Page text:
Basic Principles and Background
2.2.5 Diagrams as Views
Each particular UML diagram corresponds to one view of a model of a system.
Depending on the type of diagram used, different aspects are either emphasized or
omitted. All the different views combined result in a good model of a system. Most of the
UML diagrams are
graphs (as shown in Figure 2.5), implying that they consist of
elements that are connected through lines:
Figure 2.5 Diagram as graphs
To read diagrams, you have to know what types of elements and lines are allowed and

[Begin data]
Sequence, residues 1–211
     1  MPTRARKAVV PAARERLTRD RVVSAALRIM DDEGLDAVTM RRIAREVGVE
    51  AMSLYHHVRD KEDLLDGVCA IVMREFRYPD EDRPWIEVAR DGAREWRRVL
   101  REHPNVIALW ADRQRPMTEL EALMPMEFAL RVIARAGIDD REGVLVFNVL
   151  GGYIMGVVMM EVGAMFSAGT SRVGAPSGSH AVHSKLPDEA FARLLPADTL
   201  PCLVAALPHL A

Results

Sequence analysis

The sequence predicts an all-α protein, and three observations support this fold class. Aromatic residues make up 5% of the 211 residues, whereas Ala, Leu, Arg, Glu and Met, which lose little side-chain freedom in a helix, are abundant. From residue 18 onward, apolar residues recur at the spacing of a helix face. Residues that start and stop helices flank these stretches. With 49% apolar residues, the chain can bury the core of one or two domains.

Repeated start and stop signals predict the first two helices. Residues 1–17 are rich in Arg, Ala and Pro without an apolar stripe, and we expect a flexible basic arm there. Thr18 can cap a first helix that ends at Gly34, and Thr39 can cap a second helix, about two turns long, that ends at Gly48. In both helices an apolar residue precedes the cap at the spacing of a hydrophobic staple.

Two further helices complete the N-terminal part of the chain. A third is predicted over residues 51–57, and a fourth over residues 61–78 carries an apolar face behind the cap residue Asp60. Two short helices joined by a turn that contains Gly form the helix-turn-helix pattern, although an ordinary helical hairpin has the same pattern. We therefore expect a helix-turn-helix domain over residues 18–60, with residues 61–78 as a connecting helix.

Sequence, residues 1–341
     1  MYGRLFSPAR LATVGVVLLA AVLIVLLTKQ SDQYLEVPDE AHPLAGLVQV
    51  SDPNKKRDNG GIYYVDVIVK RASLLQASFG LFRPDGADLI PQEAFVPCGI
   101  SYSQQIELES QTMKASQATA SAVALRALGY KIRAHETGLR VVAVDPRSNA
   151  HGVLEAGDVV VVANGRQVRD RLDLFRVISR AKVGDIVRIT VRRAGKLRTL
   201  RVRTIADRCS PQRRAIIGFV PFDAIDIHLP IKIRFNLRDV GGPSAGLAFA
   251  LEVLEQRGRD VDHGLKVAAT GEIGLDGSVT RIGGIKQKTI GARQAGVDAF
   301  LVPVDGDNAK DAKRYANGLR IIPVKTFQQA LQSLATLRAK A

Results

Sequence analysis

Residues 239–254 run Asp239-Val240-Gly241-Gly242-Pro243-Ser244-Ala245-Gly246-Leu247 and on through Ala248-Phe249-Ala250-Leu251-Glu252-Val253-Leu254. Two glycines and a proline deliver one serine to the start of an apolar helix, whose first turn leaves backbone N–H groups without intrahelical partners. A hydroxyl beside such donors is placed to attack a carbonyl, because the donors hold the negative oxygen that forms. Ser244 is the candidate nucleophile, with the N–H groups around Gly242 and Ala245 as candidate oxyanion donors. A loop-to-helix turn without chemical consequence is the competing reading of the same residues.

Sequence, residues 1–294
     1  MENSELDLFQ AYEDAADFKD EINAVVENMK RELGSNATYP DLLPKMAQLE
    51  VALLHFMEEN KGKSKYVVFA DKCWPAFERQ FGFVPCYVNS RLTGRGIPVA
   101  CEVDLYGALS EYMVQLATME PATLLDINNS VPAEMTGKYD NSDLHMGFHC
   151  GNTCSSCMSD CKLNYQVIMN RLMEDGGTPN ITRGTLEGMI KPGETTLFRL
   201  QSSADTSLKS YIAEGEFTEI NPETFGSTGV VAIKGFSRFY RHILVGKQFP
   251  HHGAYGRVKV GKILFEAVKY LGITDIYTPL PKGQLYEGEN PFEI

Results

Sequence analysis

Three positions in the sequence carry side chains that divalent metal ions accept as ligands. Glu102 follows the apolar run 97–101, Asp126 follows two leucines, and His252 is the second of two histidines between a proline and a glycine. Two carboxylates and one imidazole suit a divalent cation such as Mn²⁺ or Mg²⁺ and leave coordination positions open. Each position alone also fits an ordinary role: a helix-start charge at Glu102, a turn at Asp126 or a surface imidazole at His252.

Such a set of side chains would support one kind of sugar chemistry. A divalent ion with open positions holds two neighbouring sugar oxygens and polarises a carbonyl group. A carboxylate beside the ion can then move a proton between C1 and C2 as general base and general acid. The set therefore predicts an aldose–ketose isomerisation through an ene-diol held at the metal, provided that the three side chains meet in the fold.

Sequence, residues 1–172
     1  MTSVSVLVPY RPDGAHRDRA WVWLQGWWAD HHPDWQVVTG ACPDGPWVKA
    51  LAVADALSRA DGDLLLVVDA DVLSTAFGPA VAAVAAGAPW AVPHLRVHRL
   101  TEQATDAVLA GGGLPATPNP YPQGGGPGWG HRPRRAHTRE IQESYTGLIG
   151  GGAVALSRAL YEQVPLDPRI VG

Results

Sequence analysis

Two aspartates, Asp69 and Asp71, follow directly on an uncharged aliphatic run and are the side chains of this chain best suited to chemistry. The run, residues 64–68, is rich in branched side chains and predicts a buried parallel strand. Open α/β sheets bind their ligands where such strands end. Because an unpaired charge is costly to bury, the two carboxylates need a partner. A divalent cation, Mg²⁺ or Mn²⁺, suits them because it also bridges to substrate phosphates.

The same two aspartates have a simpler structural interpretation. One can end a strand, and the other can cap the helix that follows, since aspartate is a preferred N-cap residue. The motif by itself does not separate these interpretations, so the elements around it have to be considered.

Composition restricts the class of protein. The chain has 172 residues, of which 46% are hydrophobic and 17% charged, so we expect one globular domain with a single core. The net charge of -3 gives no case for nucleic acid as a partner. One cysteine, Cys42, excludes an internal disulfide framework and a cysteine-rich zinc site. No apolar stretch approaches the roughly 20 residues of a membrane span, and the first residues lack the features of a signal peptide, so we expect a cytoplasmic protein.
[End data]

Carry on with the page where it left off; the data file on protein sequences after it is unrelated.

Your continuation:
what they mean. We'll explain this for the diagrams we use in the following chapters.
Even
computer-aided software engineering (CASE) tools treat UML diagrams as
views. They use a
database in which the information about the model is stored. Each
diagram shows—as a view—a part of that information. In this way, the CASE tool helps
to preserve the consistency of each view. If, for example, the name of a class is changed
in a class diagram, the statechart diagram of that class is automatically updated:
Figure 2.6 CASE tool as database
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